Louisville has its fair share of nicknames — River City, Falls City, Derby City, Aliville … the list goes on. But there’s one nickname that you might not be aware of: Due to the numerous and varied houses of worship within the city limits, Louisville was once known as the “City of Beautiful Churches” — reflective of our burg’s historical piousness, not to mention the fact that you can throw a rock anywhere downtown and hit a steeple.
So it’s somewhat fitting that the 930 Art Center’s latest exhibit reflects that religious tradition while at the same time subverting it with a secular flair.
The dual exhibit, which runs through Feb. 21, is comprised of Kansas-born artist Joe Johnson’s collection of photographs dubbed “Mega Churches,” which offers various scenes and architectures from modern-day America’s answer to the Gothic cathedral, as well as a series of aerial satellite photos of 11 mega churches by photographer Travis Shaffer.
When combined, the works showcase the bizarre effect technology and consumerism have had on the religious experience, particularly with the advent of the mega church — all without being too preachy or didactic.
“People will get out of this whatever they bring to it,” Johnson said during a lecture on the exhibit’s opening night. “There’s nothing new about spectacle in religion. What’s unique about the mega church is the merging of this spectacle with the actual religious practice.”
Johnson is right about that: During the opening reception, the responses of patrons that I overheard ranged wildly, from outright shock and disgust at a photo of an Indiana mega church depicting a bloody scene of torture from Christ’s passion, to simple recognition of Southeast Christian’s familiar, multi-sided Jumbotron.
The artist, who grew up as a Lutheran, got the idea for the show when he accompanied his mother to the “Hope Center” mega church in Raleigh, N.C., where the parking lot resembles a large commuter airport, according to Johnson. He was fascinated by what he saw inside the church and set about documenting it.
“With this work, I’m trying to say something about something that someone cares about,” said Johnson. “But (the exhibit) wouldn’t exist without them, so I wanted to be respectful and mindful of that.”
The “them” in this case would refer to the faithful, of which Johnson doesn’t exactly consider himself to be a part. This makes the fact that the venue is funded and moderated by Sojourn Community Church all the more interesting.
“A lot of people see Johnson’s work and automatically assume it’s critical of religion,” said Michael Winter, art director for the 930 Center. “There is a lot in (the show) that is a critique of the mega-church phenomenon. It’s interesting how churches grow and what they do with growth, which is something Sojourn is dealing with now.”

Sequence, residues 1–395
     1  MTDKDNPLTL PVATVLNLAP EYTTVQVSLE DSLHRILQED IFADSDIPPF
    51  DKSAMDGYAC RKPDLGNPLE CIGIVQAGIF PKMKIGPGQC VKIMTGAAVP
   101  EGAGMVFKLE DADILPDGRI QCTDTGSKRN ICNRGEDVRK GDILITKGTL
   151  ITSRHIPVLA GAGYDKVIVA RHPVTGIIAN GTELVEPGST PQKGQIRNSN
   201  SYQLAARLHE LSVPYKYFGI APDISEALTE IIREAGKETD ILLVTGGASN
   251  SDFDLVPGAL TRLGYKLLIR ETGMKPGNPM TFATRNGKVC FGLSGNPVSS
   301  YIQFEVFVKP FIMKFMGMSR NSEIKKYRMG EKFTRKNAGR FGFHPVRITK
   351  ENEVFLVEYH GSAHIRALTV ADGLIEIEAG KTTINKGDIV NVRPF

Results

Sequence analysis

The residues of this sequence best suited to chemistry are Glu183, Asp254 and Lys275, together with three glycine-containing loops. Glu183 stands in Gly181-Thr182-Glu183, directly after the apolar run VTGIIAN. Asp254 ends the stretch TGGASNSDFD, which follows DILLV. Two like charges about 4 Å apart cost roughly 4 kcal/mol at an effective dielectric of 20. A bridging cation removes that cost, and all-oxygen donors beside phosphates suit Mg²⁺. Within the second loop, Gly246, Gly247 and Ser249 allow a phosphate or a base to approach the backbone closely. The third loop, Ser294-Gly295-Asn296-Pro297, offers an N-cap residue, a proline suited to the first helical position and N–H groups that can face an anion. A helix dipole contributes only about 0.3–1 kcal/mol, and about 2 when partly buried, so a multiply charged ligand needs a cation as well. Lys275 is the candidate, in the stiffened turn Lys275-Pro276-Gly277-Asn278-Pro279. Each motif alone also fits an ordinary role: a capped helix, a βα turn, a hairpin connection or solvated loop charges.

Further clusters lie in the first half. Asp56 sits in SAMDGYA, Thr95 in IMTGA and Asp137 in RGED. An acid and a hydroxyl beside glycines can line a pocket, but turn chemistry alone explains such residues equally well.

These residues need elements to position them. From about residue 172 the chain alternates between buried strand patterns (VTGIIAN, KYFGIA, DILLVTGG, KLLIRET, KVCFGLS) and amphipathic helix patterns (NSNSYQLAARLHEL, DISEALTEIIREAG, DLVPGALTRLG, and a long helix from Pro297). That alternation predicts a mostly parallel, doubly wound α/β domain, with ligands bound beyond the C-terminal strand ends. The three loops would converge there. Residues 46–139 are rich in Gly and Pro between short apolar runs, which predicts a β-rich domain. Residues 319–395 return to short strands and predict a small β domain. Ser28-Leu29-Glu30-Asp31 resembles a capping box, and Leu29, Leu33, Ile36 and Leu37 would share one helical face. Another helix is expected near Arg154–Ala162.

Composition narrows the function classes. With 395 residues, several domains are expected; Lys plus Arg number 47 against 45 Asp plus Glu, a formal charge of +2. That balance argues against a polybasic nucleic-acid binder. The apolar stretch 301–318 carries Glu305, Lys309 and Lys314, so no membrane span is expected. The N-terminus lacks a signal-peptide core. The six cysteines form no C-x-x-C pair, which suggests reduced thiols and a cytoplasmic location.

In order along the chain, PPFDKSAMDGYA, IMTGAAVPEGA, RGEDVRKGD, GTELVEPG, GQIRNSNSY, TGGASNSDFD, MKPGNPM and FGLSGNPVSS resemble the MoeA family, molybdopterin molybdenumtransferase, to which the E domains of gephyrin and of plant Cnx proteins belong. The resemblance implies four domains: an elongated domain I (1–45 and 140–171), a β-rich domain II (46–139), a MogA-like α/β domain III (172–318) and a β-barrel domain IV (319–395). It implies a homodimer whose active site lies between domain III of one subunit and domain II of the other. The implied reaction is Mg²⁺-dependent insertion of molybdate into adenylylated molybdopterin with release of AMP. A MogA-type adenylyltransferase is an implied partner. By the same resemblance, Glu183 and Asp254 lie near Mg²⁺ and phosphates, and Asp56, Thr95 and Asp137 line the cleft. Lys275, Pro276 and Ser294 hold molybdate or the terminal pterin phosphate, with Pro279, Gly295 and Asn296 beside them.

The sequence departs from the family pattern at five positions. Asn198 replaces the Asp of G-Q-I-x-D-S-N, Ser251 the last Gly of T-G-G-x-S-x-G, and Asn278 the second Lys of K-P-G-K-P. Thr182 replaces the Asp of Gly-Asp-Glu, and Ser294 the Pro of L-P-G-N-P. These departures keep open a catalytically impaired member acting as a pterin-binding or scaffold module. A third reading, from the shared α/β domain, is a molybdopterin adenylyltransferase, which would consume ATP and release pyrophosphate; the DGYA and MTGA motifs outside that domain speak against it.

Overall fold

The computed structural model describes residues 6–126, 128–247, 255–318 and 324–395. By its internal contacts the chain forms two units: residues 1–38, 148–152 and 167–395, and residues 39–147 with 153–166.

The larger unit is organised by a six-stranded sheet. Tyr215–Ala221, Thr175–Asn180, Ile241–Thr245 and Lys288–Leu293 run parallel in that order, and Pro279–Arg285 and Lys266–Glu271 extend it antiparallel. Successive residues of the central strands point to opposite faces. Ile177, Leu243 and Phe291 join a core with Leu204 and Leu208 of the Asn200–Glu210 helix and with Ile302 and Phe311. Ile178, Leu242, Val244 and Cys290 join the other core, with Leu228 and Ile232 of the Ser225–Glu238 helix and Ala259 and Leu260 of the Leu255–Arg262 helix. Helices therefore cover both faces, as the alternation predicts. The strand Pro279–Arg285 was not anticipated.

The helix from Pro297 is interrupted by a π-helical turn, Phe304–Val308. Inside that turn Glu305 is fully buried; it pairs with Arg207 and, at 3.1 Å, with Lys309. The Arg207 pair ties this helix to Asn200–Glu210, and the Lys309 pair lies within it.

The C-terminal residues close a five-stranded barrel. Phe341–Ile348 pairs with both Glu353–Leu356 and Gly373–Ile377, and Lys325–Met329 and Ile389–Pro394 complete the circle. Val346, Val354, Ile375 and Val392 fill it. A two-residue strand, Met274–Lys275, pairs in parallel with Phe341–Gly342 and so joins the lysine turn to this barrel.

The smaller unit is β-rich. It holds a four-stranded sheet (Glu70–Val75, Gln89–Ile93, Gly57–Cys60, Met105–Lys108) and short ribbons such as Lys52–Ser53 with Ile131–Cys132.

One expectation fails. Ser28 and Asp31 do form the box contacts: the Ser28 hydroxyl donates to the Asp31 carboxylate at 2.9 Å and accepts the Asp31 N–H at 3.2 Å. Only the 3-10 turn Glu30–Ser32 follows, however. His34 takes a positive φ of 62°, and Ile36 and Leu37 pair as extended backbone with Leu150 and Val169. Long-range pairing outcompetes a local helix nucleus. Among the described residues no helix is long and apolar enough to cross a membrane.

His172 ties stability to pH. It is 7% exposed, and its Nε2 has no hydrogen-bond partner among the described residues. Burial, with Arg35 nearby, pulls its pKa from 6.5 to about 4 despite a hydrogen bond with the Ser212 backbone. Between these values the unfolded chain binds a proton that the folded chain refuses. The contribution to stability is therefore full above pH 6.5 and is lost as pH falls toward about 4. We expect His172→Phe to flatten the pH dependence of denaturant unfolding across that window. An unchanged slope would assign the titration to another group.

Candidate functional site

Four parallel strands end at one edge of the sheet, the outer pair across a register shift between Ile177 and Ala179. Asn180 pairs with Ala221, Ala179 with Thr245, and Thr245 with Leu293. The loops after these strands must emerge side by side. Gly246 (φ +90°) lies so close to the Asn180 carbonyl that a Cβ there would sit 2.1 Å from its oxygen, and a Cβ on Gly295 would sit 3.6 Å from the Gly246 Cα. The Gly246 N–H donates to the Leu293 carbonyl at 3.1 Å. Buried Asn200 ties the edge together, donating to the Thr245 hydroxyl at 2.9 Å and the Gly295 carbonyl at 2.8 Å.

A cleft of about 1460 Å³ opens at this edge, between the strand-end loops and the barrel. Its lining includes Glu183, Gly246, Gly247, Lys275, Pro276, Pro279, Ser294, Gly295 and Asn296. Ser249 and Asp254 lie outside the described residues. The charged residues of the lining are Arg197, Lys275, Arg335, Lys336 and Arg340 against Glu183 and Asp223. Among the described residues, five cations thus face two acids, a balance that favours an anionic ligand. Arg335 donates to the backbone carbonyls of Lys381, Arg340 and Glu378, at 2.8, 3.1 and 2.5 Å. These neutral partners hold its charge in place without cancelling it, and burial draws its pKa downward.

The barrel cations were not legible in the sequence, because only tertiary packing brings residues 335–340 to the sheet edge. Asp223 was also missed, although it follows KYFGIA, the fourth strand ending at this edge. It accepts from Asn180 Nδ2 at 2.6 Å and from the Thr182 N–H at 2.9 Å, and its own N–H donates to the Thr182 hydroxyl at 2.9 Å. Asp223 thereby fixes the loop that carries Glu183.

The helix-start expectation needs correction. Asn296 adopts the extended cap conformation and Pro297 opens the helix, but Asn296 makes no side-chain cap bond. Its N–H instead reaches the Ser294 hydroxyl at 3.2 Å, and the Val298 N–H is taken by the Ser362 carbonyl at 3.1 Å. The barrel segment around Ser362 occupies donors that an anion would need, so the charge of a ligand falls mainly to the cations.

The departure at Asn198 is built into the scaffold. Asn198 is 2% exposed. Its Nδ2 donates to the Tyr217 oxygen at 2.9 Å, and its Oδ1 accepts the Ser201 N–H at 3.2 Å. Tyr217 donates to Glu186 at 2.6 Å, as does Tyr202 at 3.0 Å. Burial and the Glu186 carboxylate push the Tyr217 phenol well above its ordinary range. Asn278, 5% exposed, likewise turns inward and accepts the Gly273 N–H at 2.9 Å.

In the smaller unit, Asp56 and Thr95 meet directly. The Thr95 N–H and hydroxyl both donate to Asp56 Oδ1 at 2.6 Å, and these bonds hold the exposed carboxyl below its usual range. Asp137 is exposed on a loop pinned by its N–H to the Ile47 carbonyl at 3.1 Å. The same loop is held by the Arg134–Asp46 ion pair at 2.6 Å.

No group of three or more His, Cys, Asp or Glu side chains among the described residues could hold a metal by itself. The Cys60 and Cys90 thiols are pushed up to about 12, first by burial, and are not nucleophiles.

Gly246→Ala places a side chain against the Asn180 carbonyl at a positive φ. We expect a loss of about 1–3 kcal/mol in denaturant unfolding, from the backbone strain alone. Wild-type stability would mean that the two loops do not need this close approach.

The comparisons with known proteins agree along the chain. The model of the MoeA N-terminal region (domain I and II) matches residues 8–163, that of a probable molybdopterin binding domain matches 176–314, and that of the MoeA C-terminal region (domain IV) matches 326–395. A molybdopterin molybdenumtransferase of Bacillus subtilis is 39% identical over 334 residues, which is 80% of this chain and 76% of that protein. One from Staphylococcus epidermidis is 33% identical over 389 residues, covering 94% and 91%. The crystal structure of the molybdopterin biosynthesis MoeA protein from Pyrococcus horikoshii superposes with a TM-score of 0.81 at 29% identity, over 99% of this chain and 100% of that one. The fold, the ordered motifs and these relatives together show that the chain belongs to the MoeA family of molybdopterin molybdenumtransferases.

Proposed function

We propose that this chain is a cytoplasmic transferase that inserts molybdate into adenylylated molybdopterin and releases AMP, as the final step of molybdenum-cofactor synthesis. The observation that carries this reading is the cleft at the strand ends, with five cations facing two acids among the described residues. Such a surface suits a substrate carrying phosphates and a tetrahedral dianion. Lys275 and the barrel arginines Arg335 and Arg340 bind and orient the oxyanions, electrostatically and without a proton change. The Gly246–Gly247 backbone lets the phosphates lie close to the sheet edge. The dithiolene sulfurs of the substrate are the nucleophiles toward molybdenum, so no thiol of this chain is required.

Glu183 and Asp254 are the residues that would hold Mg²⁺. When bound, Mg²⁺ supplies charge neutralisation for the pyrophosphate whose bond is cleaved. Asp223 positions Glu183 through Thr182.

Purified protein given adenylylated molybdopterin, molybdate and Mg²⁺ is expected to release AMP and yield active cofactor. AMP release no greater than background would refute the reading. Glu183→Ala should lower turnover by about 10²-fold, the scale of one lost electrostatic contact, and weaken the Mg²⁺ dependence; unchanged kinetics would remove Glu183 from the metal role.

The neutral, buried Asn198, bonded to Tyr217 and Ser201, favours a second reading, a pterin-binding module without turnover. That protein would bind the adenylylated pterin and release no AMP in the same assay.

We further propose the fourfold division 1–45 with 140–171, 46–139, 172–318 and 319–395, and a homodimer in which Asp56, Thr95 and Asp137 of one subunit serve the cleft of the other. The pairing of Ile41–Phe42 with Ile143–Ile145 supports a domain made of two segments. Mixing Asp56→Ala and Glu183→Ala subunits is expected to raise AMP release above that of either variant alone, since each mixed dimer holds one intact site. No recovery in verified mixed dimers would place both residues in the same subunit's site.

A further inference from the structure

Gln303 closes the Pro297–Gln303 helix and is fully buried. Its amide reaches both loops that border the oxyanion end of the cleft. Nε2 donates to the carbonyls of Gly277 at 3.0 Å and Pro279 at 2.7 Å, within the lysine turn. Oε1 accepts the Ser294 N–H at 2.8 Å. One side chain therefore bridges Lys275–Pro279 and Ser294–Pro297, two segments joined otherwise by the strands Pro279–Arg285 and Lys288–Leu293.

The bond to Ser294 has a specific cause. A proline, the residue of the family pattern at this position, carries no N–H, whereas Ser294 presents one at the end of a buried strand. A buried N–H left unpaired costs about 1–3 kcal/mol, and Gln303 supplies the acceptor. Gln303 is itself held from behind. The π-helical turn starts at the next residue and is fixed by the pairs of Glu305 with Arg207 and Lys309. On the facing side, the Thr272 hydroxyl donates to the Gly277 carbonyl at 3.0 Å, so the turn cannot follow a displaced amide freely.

Since its founding a decade ago, Sojourn has grown and renovated their hub at 930 Mary St., transforming it into an excellent gallery and music space that, unlike its mega counterparts, doesn’t shun the secular world — especially when it comes to art.
“This isn’t a Christian venue, even though it’s run by a church,” Winter said. “We’re aware of the dominant Christian culture as portrayed in the media, and we were really upset by that dominant Christian subculture when we were just starting out. It is something we knew that we didn’t want to be, but we needed to figure out what it is we actually wanted to be. We’re still doing that. If anything, Johnson’s work gives us hints.”
Equally compelling is Travis Schaffer’s collection: stitched-together satellite images of America’s 11 grandest mega churches, their asphalt-laden arteries twisting out into the surrounding landscape like concrete tentacles. The massive scale of the photographs warps the context of the buildings’ intended functions, showing them not as houses of worship but giant, man-made lichens at odds with the natural environment.
Both exhibits reflect the tension inherent within these structures, whether it’s between people of varying degrees of faith, between corporate architecture and humble reverence, between the buildings and the world itself, or, simply, between American values and Judeo-Christian ones (which are less synonymous than you’d think).
In a nutshell, it’s the tension that thought-provoking art creates, and it’s now on display for the faithful and the heathen alike.
‘Mega Churches’ by Joe Johnson & Travis Schaffer
Through Feb. 21
The 930 Art Center Gallery
930 Mary St.